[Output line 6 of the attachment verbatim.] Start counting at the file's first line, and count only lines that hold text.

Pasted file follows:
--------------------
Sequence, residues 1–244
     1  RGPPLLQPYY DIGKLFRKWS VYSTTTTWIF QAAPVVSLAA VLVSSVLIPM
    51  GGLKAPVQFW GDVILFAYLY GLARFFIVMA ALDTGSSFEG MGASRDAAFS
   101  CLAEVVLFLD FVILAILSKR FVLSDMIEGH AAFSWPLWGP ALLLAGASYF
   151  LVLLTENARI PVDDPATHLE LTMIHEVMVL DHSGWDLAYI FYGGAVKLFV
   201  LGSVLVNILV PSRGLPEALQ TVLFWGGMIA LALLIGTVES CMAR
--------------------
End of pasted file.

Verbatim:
   201  LGSVLVNILV PSRGLPEALQ TVLFWGGMIA LALLIGTVES CMAR